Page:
Beauty and the Beast (2017) – Review

As Disney continues with their trend of churning out live action remakes of their animated films it’s no surprise that they’d tackle one of their biggest hits, but with Beauty and the Beast this is the first time they’ve adapted one from the Disney Renaissance period. The 2015 live action Cinderella and the 2016 Jungle Book were based on animated classics from the 50s and 60s but the animated Beauty and the Beast only came out in 1991, and now with live action adaptations of Mulan, Aladdin and The Little Mermaid all in the works it seems the House of Mouse plans on adapting every single one of their animated hits to the live action format. The big question is, “Is this a good idea?”

To date these adaptations have been much very hit and miss with me, with the numbers favoring the misses over the hits, but I really enjoyed Kenneth Branagh’s adaptation of Cinderella so I went to see director Bill Condon’s take on Beauty and the Beast with a decent amount of optimism, but what I was not prepared for was how much I would enjoy it. Much of this comes from Condon’s insistence that the movie remain a full musical like the animated version, all previous live action adaptation having at most given nods to the music of the originals, and also from his obvious love of the original story. Now this is far from the first live action adaption of Jeanne-Marie Leprince de Beaumont’s eighteenth-century fairy tale; most notably is Jean Cocteau’s beautifully surreal film La Belle Et La Bete (1946) and then there was the less than successful 2014 adaptation of La Belle Et La Bete by Christoph Gans, but with this new version we get a very organic blend of both the original fairy tale and the Disneyfied version.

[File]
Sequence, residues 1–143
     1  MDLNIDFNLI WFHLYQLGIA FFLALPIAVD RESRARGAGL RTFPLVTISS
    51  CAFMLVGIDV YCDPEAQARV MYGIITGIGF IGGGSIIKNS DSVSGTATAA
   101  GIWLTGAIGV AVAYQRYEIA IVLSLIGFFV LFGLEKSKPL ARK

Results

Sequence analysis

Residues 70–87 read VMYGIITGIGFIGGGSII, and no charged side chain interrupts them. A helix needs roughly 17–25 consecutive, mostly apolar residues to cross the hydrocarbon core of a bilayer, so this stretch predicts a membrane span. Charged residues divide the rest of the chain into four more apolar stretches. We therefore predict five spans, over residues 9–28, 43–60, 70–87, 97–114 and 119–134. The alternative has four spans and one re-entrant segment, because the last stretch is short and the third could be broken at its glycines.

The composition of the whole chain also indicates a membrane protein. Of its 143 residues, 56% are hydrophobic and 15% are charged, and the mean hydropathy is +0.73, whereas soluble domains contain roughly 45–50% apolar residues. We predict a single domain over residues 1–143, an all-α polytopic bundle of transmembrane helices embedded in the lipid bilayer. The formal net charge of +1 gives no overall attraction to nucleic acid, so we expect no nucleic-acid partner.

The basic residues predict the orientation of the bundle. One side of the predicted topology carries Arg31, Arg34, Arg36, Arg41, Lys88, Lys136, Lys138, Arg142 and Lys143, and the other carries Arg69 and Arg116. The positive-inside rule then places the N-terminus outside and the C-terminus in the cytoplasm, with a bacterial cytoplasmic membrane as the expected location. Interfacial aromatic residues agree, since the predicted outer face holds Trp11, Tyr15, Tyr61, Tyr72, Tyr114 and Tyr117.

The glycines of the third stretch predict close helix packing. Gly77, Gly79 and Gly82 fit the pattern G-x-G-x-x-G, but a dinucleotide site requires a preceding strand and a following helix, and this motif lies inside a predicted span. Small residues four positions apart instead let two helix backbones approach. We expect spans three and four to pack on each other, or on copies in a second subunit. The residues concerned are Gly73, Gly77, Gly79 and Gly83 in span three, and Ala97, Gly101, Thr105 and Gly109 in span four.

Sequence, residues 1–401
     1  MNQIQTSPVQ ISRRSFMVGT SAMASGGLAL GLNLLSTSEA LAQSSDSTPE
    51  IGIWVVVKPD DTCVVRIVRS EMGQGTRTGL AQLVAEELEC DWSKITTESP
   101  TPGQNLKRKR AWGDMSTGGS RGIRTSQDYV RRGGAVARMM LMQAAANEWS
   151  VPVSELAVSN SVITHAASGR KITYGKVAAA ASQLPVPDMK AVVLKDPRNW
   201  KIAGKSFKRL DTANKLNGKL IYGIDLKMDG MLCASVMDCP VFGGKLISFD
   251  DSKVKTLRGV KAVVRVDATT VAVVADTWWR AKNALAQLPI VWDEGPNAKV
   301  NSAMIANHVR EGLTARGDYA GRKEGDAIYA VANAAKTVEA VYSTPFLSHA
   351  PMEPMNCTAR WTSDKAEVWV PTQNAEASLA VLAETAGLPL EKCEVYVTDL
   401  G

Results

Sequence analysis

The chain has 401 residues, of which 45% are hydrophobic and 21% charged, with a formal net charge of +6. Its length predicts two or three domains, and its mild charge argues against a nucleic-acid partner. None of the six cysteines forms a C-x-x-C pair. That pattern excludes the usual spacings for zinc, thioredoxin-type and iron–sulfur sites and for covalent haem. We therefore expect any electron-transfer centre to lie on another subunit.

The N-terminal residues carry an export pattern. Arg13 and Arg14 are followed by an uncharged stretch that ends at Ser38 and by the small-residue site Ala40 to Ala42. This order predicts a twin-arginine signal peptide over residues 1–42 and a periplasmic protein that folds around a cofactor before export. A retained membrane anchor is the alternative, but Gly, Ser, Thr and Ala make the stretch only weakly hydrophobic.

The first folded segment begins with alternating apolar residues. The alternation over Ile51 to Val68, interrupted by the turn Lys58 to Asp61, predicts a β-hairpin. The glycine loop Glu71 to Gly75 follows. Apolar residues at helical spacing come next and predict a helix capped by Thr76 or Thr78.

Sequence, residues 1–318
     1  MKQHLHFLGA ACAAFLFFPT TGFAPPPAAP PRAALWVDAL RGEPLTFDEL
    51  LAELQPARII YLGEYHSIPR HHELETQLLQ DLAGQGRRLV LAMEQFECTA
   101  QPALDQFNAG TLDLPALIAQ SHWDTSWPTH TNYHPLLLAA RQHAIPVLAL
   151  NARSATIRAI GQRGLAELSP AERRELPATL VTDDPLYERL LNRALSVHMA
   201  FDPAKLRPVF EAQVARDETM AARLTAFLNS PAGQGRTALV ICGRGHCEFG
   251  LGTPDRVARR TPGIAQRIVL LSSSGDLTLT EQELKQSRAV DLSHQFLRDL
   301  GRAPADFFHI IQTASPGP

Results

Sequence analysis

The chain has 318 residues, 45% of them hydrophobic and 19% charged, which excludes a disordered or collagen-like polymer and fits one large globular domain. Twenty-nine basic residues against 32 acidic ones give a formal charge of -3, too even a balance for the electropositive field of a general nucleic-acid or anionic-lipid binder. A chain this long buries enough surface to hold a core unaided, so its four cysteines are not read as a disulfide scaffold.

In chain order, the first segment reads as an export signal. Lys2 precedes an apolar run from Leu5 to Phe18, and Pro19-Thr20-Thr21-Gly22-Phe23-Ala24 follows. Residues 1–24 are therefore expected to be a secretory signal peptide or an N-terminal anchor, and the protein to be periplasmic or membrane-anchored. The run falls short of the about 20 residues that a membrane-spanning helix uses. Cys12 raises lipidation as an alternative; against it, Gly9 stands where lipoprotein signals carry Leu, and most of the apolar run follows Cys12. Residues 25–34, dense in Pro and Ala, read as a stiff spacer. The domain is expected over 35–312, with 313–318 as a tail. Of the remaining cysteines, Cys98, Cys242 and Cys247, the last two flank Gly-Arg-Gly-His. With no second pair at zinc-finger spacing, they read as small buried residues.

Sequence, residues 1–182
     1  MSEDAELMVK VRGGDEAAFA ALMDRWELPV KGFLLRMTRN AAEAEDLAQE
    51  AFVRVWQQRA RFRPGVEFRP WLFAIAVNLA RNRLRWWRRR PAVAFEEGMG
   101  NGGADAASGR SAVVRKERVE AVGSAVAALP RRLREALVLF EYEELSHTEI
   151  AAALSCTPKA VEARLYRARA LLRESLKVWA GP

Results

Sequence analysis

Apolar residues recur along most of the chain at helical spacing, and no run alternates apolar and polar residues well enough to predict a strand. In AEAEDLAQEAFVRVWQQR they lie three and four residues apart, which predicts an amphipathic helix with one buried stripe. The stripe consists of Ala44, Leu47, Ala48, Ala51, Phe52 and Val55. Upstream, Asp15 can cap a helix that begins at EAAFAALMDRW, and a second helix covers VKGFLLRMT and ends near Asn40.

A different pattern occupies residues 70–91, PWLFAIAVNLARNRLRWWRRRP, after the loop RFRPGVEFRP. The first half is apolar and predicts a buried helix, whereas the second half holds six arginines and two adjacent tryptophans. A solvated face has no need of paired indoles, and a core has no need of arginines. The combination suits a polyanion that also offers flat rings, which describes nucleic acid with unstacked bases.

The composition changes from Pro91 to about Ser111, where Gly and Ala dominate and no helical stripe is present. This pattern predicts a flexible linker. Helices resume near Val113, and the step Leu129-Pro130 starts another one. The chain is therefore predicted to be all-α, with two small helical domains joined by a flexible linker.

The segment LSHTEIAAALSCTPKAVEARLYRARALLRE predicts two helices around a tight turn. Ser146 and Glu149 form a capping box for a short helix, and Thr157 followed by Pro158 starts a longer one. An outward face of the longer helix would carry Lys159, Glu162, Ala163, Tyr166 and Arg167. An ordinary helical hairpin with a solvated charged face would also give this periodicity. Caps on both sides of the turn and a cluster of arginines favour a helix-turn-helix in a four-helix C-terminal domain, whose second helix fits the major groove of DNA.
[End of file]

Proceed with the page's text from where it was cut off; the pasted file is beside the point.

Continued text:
Though we still get Belle doing her Maria Von Trapp impression for some reason.

In the original tale Belle requested that her father bring her back a rose, when he found himself lost and inside the Beast’s castle he spotted a rose bush and took one, this of course was a big mistake.  The theft of the rose enraged the Beast who then imprisoned the man, and then later Belle offered to take her father’s place as the Beast’s prisoner. In the Disney animated version the “Enchanted Rose” worked solely as a ticking clock device while in this latest version it’s still enchanted, with its petals dropping off to let us know when the curse will become permanent, but they also included her father Maurice (Kevin Kline) entering the castle unmolested until he dared pluck a rose as it was in the original fairy tale. This return to the source material makes the structure of the story hold together a little better, with less arbitrary plot points and rules popping up like there were in the 1991 film.

This new version also does its best to clean up the continuity messes that the animated film was littered with; the seasons no longer flit from spring to autumn to winter and back again within days of each other where now the Beasts castle is an area locked in perpetual winter, in the animated film the curse had been going on for ten years but as the curse deadline was the Beast’s 21st birthday this would have made him eleven years old when the Enchantress cursed him for being a dick. And how many eleven year old 18th century French princes weren’t dicks? Not many is my guess. In this adaptation there is no longer a hard timeline on the curse, the Prince (Dan Stevens), while hosting a massive debutante ball, snubs a poor beggar woman who offered him a rose for a night’s shelter, who of course turns out to be an all powerful Enchantress, and he is then cursed to remain a Beast until the last petal falls from the rose. Her curse also erases the castle’s existence from the minds of the villagers, which nicely covers that problem the original had of “How could a village forget about a castle that is apparently one mob march away?”

I wonder where their tax dollars went during this time period.